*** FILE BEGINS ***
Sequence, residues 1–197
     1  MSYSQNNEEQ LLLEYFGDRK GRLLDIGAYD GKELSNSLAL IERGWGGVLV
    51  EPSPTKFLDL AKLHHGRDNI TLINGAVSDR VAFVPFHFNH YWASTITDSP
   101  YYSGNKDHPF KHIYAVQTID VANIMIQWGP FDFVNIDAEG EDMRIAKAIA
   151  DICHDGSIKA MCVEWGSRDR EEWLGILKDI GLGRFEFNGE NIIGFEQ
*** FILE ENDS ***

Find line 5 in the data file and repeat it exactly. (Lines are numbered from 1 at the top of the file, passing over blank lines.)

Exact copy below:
   151  DICHDGSIKA MCVEWGSRDR EEWLGILKDI GLGRFEFNGE NIIGFEQ